summer after summer…

murray church0002
The Murray Church, around 1985

…we walked through the little graveyard surround the Murray Church in the townsite of Upper Nicola, on highway 5A, the old road between Merritt and Kamloops. In that graveyard, I found names that spoke to me, though they weren’t my dead. They spoke to me and agitated and I wrote my first lyric essay, “Morning Glory” (in my book Red Laredo Boots). The church, built in 1876, and its surroundings, its beautiful plain dignity, the graveyard of old iris and cacti — well, they eventually helped me to write my first novel, Sisters of Grass.

morning glory

I have to write this now. I have to write this while I can. I just heard on the noon news that the church burned to the ground yesterday. Arson is suspected. I will go through old photo albums (this was all before computers and digital files) and probably I’ll cry.




9 thoughts on “summer after summer…”

  1. So sorry to hear that, Theresa. So hard to lose these landmarks from the past, particularly ones as beautiful as that.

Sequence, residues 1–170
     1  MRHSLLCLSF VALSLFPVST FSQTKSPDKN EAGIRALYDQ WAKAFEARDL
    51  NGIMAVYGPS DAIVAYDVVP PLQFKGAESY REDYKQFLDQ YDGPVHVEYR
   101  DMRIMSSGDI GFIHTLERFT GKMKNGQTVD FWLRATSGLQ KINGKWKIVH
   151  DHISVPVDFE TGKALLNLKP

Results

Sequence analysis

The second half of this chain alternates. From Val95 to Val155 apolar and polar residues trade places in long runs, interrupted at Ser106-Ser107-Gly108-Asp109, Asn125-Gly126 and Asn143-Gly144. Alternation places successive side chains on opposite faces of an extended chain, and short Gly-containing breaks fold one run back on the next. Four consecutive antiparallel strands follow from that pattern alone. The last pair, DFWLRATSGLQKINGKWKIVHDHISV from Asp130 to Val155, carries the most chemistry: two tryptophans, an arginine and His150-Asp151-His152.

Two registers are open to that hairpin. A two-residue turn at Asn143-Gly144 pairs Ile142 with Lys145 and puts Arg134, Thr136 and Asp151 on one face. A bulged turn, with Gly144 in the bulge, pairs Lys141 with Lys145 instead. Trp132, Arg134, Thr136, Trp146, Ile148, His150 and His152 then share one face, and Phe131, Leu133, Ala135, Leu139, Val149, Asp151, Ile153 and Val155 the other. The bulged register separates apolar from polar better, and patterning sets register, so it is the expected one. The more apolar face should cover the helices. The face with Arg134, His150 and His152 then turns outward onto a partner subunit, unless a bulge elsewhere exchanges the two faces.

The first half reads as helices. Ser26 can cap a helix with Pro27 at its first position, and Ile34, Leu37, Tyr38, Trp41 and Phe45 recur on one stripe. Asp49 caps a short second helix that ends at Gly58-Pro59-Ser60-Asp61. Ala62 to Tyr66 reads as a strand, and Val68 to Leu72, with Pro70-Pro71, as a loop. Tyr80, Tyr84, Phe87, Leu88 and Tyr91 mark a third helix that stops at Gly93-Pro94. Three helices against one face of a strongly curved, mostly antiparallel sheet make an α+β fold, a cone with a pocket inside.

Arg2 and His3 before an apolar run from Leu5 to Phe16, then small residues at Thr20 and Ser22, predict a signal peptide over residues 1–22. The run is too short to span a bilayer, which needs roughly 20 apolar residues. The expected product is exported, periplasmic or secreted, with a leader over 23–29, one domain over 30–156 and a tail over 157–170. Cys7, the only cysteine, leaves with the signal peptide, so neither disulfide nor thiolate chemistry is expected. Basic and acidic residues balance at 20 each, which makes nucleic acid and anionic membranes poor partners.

2. What a plain yet stately church I thought before I read this. I’m so sorry it’s no longer there in the landscape, but it will live on in your essay and in how it helped you write your first novel–and in all the memories of people who appreciated it as a house of worship.

    1. Thanks, Alice. The whole townsite of Upper Niola, once a thriving place, with a mill, a school, a courthouse (now a place one can rent and we have, with friends, for grand summer house parties; it has 5 bedrooms, screened sleeping porches, a wonderful dining room, etc.), and a collection of gorgeous old wooden houses, circa 1880-1910, anyway, the townsite was a place we visited several times a year, sometimes passing through and sometimes camping nearby or staying at the courthouse. The church was sort of central to all of this, in its little corral of graves.

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